The optional upgrade engine is a 3.7-liter V6, which again is Mazda's reassembled tweak of Ford's excellent new 3.5-liter engine also with chain-driven dual overhead cams on both banks. It is the engine that powered the CX-9 to the 2008 Truck of the Year award, and in the Mazda 6 it develops a whopping 272 horsepower at 6,250 RPMs, and 269 foot-pounds of torque at 4,250 revs.
Both engines come with a 6-speed automatic with a manual gate, but sporty drivers shouldn't look past the 4-cylinder with a Mazda-designed 6-speed manual transmission.
After driving both engines and both transmissions hard, one of the few nits to pick is that the manual-gate automatic continues with Mazda's peculiar insistence that the shifter should be pushed forward to downshift, and pulled back to upshift counter to my and I suspect others' intuition, which has a mindset that pushing ahead should upshift and pulling back should be to downshift.
Mazda, like BMW, argues that hard-core shifter-kart racers shift their way, which is true, although when lying on your back and accelerating hard, being thrust rearward could jerk the shifter back for a dangerous downshift in a kart -- but precious few consumers ever experienced a shifter-kart, and potent as the Mazda 6 is, a driver is unlikely to be thrust toward the back seat by its torque.
That issue could be solved if Mazda would simply offer steering wheel paddles to manually shift the automatic.With that being a factor, and with gasoline still costing maddeningly close to $4 a gallon, I would go with the quick and strong 4-cylinder, and unless you are committed to daily rush-hour gridlock, I'd be strongly tempted to pair it with the 6-speed stick.
Base price of such a vehicle is $18,550, rising to $20,250 with the Sport version. You can keep going up, to Touring and Grand Touring, and if you loaded every option into the Grand Touring model with the optional V6, you could push the price up to $28,260. That may seem steep to those who have observed the incentive discounts that made the outgoing Mazda 6 one of the industry's better bargains, but when compared to its competitors, those prices are right in the ballpark.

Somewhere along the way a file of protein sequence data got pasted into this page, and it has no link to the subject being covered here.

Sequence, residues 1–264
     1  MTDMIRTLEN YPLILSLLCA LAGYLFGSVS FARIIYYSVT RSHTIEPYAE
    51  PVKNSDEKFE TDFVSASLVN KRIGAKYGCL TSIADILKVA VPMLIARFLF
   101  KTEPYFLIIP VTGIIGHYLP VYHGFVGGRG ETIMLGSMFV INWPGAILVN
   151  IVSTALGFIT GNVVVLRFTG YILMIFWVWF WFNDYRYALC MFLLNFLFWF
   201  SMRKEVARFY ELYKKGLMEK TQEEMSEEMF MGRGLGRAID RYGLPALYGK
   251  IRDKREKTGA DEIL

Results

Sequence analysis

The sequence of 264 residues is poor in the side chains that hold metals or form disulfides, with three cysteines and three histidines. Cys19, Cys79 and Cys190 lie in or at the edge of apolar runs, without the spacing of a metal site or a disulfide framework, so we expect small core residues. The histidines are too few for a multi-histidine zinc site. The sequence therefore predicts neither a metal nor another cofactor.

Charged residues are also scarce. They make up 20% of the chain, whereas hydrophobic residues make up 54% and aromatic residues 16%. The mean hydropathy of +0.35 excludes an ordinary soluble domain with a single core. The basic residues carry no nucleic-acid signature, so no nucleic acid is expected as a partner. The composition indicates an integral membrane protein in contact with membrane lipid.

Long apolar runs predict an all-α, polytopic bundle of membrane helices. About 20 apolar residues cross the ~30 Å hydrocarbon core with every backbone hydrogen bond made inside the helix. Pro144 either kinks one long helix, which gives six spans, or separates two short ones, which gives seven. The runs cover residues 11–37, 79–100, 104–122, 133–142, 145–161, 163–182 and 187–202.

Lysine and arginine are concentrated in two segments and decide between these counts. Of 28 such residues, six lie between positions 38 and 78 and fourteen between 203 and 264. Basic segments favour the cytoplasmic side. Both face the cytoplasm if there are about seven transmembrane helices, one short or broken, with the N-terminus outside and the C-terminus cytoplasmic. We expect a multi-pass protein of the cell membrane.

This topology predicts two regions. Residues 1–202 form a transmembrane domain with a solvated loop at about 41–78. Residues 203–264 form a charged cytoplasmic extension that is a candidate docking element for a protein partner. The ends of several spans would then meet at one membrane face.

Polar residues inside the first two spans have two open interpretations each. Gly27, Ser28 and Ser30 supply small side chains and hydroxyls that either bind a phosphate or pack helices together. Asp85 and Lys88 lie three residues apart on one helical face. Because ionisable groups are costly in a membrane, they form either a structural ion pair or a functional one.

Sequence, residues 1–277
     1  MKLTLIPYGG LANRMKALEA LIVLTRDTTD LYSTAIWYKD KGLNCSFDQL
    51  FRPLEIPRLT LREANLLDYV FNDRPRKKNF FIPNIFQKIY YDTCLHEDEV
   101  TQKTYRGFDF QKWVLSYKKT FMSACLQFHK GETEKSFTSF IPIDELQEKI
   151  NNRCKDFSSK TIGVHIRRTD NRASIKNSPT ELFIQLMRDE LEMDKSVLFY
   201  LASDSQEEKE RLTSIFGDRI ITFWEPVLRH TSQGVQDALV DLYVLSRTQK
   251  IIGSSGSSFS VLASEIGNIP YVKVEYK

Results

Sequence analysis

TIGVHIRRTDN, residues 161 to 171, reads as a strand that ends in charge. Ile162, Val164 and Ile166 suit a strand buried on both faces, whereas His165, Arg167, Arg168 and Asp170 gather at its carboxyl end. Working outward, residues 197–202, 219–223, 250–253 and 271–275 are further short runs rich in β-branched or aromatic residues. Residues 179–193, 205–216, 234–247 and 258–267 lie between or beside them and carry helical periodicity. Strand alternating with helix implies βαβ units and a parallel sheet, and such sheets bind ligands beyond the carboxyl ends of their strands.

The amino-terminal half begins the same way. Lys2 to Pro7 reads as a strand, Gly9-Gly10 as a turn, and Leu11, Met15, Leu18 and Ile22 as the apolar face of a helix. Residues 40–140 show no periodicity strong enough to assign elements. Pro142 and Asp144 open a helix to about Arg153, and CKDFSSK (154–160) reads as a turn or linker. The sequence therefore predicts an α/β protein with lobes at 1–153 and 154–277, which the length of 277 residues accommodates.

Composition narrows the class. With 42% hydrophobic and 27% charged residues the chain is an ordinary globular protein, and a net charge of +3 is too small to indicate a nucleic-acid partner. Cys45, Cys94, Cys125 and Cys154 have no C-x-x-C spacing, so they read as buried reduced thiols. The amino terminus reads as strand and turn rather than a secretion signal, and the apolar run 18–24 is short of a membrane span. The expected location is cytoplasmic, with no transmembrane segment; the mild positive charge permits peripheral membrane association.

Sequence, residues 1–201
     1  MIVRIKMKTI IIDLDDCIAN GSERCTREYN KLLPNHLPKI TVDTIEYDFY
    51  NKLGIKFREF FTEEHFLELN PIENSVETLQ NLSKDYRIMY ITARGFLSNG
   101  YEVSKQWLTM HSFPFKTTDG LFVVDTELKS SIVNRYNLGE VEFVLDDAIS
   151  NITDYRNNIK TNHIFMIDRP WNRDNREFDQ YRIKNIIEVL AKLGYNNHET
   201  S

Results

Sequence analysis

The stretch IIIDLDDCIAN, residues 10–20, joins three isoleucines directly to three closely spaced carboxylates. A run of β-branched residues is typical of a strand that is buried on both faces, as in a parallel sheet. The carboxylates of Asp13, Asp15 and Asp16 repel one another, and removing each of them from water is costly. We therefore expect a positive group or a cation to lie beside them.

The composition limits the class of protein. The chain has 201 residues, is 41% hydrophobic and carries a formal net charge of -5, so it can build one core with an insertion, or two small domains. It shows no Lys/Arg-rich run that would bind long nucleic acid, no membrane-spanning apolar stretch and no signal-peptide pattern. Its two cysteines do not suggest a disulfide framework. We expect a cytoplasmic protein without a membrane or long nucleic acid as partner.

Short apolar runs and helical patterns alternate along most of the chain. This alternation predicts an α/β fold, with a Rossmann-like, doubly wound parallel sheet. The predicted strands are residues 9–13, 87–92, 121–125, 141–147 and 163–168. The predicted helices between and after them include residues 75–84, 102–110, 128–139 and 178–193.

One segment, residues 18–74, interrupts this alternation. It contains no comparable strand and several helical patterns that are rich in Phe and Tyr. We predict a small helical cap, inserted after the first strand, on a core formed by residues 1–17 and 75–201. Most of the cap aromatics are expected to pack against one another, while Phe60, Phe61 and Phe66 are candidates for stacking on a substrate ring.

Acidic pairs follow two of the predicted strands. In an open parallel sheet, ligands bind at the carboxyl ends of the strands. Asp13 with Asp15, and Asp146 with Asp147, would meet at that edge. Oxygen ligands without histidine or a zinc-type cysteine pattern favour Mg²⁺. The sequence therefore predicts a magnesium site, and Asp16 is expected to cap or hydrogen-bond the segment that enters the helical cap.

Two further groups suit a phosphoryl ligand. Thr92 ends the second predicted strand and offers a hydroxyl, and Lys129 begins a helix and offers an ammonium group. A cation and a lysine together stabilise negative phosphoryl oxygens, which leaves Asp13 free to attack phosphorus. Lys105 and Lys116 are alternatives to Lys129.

Sporty car handling is assured in all models, starting with the base car. Standard in all Mazda6 models are traction control and stability control. The front-wheel-drive composure of the new car has been improved by a different steering gear, which, coupled with the new suspension, allows the longer Mazda6 to reduce its turning circle by a whopping 3.2 feet. Stalwart traditionalists who insist that a car must have front-engine/rear-drive to handle well would come out into the light after driving the Mazda 6.
Competition is even tougher these days in the midsize category, where the new Fusion is impressive, and Chevrolet's Malibu won 2008 Car of the Year. If sporty performance is important, the Altima also offers a 6-speed stick with its 4-cylinder, while the Accord only offers a 5-speed manual with its 4, and you can't find a stick shift in any Malibu. Mazda doesn't offer a stick with its V6, repeating others' claims that only a small percentage of buyers will opt for a stick, to which I say, manufacturers invoke a self-fulfilling prophecy when they don't offer a stick; for example, zero percent of Malibu buyers will choose a stick, because you can't get one.
Adding the stick, and an extremely smooth-shifting one, at that, helps Mazda maintain its claim as the sportiest midsize car. Even though it has grown in size and power, its agility has actually improved, thanks to the quicker turning circle and more rigid platform.
It's outright and familiar sportiness ripples through every driving exercise, and that will be appreciated by all drivers, even those who prefer their driving to be shiftless.